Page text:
Recent sanctions by the US Treasury targeting associates of Hamas revealed a list of organizations that operate under the guise of charity and education, yet are affiliated with Hamas. Credit for this unmasking goes to a group of Israeli tech-savvy volunteers.
In the aftermath of the October 7 attacks, when communities rallied together to support affected families and response efforts, the Israeli tech community emerged as a driving force in civil society.
Leveraging their technological prowess, they committed to aiding the military and government in every conceivable way. This ranged from using AI-powered facial recognition software to locate the some 240 individuals taken captive by terrorists, to scrutinizing the financial channels through which Hamas and Palestinian Islamic Jihad receive funds for their terrorist activities.
The group of young volunteers meticulously traced the money flow from various sources to Hamas and the Palestinian Islamic Jihad (PIJ). Employing a range of programs, they uncovered entities that masked their fundraising activities under the banners of charity and education, but ultimately bolstered the covert activities of Hamas and the PIJ.
The US sanctions have cast a spotlight on the Iranian government’s role in providing Hamas with financial, logistical, and operational backing. The list of targets for sanctions includes a Hamas representative in Iran and officials from the Islamic Revolutionary Guard Corps’ Quds Force accused of training Hamas operatives. Shockingly, this training happened just weeks prior to the devastating terror against Israel, in which approximately 1,200 people, mostly civilians, were murdered.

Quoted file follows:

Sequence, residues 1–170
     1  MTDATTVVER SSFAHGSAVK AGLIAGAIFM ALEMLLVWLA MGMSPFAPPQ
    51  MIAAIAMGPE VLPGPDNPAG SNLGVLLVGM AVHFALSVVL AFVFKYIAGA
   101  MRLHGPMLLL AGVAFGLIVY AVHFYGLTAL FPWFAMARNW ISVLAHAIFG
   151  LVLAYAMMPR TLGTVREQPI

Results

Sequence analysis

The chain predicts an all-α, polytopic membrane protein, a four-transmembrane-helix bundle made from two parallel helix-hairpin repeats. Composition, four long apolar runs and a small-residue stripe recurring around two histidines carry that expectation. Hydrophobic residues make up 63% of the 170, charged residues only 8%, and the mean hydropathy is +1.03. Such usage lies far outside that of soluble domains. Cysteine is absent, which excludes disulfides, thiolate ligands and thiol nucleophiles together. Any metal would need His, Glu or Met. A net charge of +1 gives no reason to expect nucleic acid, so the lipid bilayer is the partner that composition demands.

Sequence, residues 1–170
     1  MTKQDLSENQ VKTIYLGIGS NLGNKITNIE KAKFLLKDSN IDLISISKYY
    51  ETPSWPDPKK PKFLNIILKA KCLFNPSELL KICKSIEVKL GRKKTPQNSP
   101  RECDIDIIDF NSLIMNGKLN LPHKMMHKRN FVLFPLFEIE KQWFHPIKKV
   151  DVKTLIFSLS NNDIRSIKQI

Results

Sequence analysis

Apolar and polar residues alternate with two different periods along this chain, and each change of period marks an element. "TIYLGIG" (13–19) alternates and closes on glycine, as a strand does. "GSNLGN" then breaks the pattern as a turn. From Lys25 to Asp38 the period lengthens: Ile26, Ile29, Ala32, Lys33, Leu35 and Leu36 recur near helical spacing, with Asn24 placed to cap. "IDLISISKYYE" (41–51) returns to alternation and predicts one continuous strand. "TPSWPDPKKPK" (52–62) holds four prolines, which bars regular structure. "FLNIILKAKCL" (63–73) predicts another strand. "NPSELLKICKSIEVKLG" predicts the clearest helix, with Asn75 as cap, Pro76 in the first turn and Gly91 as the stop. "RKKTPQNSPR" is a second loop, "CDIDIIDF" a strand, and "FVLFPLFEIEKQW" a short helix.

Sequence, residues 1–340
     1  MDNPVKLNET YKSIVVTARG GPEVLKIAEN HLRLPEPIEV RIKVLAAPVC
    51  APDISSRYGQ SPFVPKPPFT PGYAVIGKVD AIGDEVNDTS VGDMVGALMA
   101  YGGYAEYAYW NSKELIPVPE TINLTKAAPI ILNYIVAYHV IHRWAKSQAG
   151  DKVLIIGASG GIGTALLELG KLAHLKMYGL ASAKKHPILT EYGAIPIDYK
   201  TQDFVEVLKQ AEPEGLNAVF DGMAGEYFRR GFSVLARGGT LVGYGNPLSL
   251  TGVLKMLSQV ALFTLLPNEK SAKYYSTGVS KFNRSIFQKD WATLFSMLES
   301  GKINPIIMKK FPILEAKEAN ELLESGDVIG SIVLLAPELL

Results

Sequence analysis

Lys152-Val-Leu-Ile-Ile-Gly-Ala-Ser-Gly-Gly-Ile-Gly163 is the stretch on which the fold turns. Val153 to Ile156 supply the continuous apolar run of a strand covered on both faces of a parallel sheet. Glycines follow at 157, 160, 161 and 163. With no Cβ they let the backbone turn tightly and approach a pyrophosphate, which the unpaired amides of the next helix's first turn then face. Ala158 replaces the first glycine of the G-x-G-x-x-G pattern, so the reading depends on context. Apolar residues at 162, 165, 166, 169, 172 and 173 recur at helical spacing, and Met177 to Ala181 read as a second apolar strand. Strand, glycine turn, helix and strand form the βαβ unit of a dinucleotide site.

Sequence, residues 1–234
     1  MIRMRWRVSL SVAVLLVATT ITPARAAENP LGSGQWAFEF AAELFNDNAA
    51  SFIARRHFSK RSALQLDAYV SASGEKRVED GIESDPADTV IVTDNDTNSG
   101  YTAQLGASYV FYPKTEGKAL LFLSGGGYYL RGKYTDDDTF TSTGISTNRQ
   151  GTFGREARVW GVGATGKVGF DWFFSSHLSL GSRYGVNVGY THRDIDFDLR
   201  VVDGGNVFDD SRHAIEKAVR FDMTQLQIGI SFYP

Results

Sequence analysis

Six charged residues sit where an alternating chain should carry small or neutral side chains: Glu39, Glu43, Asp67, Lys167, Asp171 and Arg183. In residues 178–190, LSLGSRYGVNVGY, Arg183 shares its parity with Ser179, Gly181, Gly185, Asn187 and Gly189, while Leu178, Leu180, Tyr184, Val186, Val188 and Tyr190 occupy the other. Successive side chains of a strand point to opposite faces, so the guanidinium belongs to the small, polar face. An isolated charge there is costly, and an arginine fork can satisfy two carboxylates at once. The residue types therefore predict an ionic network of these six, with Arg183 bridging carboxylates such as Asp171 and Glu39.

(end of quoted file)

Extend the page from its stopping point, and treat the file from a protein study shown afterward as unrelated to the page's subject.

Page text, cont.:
Among the entities sanctioned by the US is Iran’s “Bonyad Shahid” (“Martyrs Foundation,”) which, according to the US Treasury, channels millions of dollars through the Gaza-based Al-Ansar Charity Association, purportedly for the families of terrorists linked with the Palestinian Islamic Jihad.
Israeli officials affirm that the majority of funding for Hamas and the PIJ originates from Iran – approximately $100 million annually for Hamas and tens of millions for the PIJ. Hamas has also received over $1.5 billion from Qatar in the past decade. While these funds are ostensibly allocated for public worker salaries, fuel procurement, and assistance to impoverished families, a portion is diverted for the terrorist groups’ operations.
The Israeli volunteer group succeeded in identifying those private international money exchange companies that have been the main channel utilized for transferring the funding for terror activities, some of them based in Turkey. The list of these companies, published by the Israeli news site Ynet, include entities such as the Shuoman Exchange Company, LLC, CGS Choman Global Services, Money Changer Hamdi Zahr Aldin, Muhammad Khair Hassan Al Kattan & Partner Exchange Company Halil Musa, Burgan Exchange, Tamer Barud, the Turkish representative of the Geneva Exchange in Gaza, the El Kerim Delvated Odeme in Turkey, the Huseyin Misir Abubeki Exchange, and the Abedal Eazzak Exchange.
These civilian efforts, amid the ongoing conflict, underscore the formidable role citizens and the private sector play, even in domains traditionally regarded as the exclusive purview of government. While the military domain remains predominantly under state control, thanks to cyber tools and capabilities, investigations and intelligence gathering have transcended governmental confines. States no longer stand alone in this arena; civilians are both allies and vigilant watchdogs.